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I just started a rewards system with my kids as a counter measure for acting up at school. Each day that they have a "good/great" day at school, they earn a ticket. After they collect 5 tickets, they get a reward from the reward jar. There are all sorts of things in there that range from going to the trampoline place to jump, skating, bowling, going to ice cream after school, going to the zoo, earn some color/scented pencils, wrestling collectors cards, glitter glue pens, gift cards for their favoreite stores (justice, gap, childrens place, footlocker, the dollar store, coupons for sleepovers, picked up from school in limo, trip to mcdonalds playland, bowling, make brownies, popcorn and a movie, coupons for an extra 15min of staying up late or tv, go to the $3 movie, have a playdate after school on one Fri,etc.

Some rewards cost more than others but they draw them out at random. Most of the things are things we would normally do anyway. Now it is an earned treat. It's a great time for bonding and showing them that you can also get attention for something positive.

If there is a day they dont earn a ticket it, we discuss why they didn't, how they can work on it for the next day and move on. It is a great motivator. They look forward to the prize.

Becky - posted on 08/06/2010

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He was 2-1/2 exactly, and as far as I remember, he never had an accident during the day after that very first day! It was too easy, lol. He did wear a diaper still at night, but after about a week, those stayed dry too :)

[deleted account]

Ya, my next step is to take her to buy underwear. How old was Gavin when you started training him? How long did it take before he was accident free during the day?

Becky - posted on 08/05/2010

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Dana, Gavin would sit on the potty just to get a sticker too. The chart alone wasn't enough, we had to have a potty party and buy cool underwear and the whole bit :)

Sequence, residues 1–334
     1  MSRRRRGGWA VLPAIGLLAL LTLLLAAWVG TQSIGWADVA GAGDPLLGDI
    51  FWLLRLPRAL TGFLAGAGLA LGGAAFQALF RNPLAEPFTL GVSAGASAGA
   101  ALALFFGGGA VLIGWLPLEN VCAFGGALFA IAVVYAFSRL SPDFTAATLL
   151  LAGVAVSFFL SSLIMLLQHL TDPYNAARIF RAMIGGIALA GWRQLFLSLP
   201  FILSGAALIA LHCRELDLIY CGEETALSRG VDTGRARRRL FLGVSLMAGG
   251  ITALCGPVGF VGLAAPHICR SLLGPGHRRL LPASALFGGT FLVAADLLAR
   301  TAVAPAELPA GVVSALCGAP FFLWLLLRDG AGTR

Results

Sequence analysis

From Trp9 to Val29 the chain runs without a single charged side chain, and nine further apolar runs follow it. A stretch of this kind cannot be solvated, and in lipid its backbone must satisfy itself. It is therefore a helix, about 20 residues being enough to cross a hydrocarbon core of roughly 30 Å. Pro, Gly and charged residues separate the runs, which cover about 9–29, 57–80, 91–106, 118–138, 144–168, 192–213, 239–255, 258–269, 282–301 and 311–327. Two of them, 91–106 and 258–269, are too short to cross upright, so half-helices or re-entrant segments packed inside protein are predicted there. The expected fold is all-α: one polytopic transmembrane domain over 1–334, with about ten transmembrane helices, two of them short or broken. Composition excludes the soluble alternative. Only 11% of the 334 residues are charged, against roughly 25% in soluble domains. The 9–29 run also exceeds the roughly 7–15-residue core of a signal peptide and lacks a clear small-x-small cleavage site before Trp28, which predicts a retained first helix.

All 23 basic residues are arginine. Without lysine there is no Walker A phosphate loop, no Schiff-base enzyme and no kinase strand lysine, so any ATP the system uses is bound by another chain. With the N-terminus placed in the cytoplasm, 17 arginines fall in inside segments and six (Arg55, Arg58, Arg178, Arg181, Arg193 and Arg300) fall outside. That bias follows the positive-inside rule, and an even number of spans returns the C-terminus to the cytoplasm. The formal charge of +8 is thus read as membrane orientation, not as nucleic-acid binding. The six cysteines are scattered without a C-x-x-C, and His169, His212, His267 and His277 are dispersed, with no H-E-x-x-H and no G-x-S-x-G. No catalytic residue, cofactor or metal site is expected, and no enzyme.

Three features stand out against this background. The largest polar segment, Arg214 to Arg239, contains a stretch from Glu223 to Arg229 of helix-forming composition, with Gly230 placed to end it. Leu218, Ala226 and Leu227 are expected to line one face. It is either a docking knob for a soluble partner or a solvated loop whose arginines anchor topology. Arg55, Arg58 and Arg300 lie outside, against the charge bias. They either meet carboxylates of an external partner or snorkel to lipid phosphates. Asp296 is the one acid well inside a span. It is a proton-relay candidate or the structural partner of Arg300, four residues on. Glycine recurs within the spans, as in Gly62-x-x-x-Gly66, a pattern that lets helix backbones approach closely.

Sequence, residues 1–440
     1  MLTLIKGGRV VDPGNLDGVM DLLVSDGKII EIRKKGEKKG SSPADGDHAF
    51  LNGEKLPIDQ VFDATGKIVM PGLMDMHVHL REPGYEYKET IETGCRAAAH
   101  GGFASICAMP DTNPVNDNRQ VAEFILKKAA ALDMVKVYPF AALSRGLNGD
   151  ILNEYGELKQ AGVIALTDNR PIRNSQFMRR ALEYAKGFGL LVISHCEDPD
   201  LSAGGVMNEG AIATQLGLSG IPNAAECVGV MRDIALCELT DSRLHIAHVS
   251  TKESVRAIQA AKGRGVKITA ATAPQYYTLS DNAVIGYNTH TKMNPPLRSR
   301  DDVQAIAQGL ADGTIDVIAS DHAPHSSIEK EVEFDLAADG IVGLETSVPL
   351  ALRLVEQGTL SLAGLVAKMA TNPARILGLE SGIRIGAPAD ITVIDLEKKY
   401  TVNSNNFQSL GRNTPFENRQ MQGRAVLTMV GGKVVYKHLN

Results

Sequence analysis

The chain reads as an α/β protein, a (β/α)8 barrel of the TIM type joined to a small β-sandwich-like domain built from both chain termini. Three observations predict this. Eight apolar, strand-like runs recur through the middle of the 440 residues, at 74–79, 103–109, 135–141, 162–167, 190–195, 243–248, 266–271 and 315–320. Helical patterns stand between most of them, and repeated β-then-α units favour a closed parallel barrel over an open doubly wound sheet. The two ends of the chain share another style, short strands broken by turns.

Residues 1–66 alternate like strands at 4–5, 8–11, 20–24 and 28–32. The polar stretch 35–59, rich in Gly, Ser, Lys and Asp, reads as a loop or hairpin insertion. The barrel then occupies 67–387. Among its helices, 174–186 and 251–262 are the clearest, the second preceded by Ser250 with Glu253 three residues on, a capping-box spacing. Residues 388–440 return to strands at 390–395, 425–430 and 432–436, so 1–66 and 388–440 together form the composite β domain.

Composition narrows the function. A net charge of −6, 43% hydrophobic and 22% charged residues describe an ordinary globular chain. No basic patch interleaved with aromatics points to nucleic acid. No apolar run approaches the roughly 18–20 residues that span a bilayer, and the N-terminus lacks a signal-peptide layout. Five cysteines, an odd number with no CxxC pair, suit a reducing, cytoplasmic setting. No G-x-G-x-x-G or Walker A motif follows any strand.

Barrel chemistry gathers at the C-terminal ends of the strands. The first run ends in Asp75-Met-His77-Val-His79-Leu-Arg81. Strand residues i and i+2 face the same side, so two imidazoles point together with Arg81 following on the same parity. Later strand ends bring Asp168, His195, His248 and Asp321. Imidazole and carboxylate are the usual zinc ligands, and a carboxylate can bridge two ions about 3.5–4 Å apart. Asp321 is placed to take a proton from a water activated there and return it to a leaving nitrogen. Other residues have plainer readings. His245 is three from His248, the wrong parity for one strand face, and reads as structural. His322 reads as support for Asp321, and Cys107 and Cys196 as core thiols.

Caitlin - posted on 08/05/2010

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Stickers for my daughter backfired for potty training because when she got one, she would have a meltdown because I woulnd't let her have more. Not a big deal really, we're just introducing the concept really, she's too young to get it yet.

I don't like bribes.. I taught swimming in an upscale neighbourhood when I was younger, and 1 case really stuck out in my mind, I would always give the kids stickers in class if they did something new, like blow bubbles or put their head in the water. It wasn't really bribery in my mind, and it worked and motivated them to try new things (these were 3-5 year olds). I had a mom of a stuck up incredibly spoiled 3 year old who would BRIBE her daughter with a jumbo box of chocolate candy to do things.. It backfired for that mom, and I could see who controlled that parent/child relationship. And also scared me because even I can't eat that much chocolate candy in one sitting!

[deleted account]

I did the sticker thing when my eldest was potty training. He got one sticker for sitting, two for a pee and three for a poop.

[deleted account]

Becky, I totally get what you're saying and I do agree with you to a certain extent but in my case the sticker thing backfired.....she would sit on her potty JUST to get a sticker. I just think that because every child is different some "rewards" will work better than others.

I also agree with Nicole, everything in life needs balance. Rewards aren't horrible or detrimental BUT they could be. It's up to us to find that happy balance and do what works with our children. At this point I don't know how to encourage Roxanne to use the potty so we've put it on hold because I've noticed her getting angry or frustrated. She'll use it on HER time or her say so but never when I suggest she sit or even if I offer to sit with her BUT that's a whole other topic! I'm rambling

Becky - posted on 08/04/2010

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Yep, I agree Nicole. I actually currently have a "reward" chart for both my boys. I'm trying to get them in the habit of doing some chores, and Aiden *hates* to brush his teeth, so that one is on his chart as well. Each time they do their "chore" I give them a sticker. I have told them that once the chart is full of stickers, I'll take them and let them pick out a new toy truck or something. The point, though, is to get them in the daily habit of doing their chores. Now, so you don't think I'm a slave driver, the 21 month old's "chores" are helping to put toys in toy bins and "sweeping the kitchen" because he loves to play with the broom. Then brushing is on there. For my 3 yo, its picking up toys, wiping off the kitchen table, and helping me fold towels, which he loves to do. Its about instilling a sense of responsibility. If they were older and I paid them an allowance for doing this, I'd be teaching them responsibility, but because I pay them in stickers and they use the stickers to buy a toy, I guess maybe its a reward? lol. It all depends on how you look at it :)